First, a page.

Kris Kobach recently and clumsily unveiled a new way to complete one’s voter registration in Kansas: Sue the secretary of state.
In another questionable move when it comes to voters’ rights, Kobach’s office stepped in to register two Douglas County men who had filed legal action against him earlier this year.
The two citizens have challenged the legality of Kobach’s bid to purge them and others from Kansas’ suspended voters list, which once included 36,000 names.
Don’t misconstrue Kobach’s actions as a conciliatory move. They are clearly intended to head off a judge’s ruling that could topple one of the secretary of state’s signature efforts to make voting more difficult in Kansas.
Kobach has filed a motion asking a federal court to dismiss the lawsuit brought by the two men whom he just registered, arguing that they have no legal standing anymore because they “suffer no current injury.”
Will Lawrence, an attorney for the men, aptly summed things up this way: “Obviously we are happy that our two clients are registered to vote, but it’s more than these two individuals who are being affected. If Kobach can just go in and get this done, why not do this for everyone?”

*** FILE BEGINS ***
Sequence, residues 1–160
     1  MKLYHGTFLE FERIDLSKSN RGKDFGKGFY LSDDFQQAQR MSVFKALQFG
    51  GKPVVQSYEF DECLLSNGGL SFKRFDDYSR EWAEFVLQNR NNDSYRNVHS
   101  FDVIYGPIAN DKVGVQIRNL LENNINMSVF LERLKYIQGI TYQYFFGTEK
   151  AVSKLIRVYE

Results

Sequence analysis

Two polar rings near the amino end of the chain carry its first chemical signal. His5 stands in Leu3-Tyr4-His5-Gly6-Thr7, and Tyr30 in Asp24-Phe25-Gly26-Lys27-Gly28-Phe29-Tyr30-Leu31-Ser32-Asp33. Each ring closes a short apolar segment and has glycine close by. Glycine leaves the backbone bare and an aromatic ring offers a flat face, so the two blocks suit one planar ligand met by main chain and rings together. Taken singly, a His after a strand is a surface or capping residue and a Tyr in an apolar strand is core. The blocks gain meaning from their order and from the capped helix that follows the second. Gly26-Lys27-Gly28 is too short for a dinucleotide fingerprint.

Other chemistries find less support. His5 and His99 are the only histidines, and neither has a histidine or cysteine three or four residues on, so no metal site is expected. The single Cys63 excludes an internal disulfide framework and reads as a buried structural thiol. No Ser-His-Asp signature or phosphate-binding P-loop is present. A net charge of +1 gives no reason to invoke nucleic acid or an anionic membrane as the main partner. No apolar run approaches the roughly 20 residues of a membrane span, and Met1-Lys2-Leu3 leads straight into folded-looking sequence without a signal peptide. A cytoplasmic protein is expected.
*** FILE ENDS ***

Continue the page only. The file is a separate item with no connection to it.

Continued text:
Good question. If the Republican secretary of state is so intent on making sure people eligible to vote can do so, why can’t his office work a little harder to get as many people as possible off the suspended voters list?
Sadly, Kobach’s demagoguery on this issue makes it appear he would be happy if his threats and bullying kept certain people — especially students, minorities, low-income citizens and Democrats — out of the voting booth.
Kobach helped create the suspended voters list that contains the names of people who couldn’t register to vote because they didn’t have all the paperwork the state required, especially proof of citizenship such as with a birth certificate or passport.
That conflicts with federal law, which requires states to make registration forms available at motor vehicle offices. Those forms don’t require the proof of citizenship.
Elected officials should not be trying to make voting more difficult for citizens. Kobach has tried to justify his actions by pointing to the possibility of voter fraud occurring in the state.
However, he has been unable to document many cases despite months of looking for them. And that’s despite his new powers, provided by the Republican-controlled Legislature, to prosecute voter fraud.
The legal system needs to rein in the abuse Kobach is trying to inflict on voter registration in Kansas. The judge should not dismiss the most recent case. Instead, it needs to serve as an example of how Kobach’s attempt to manipulate voters’ right will not be allowed to succeed.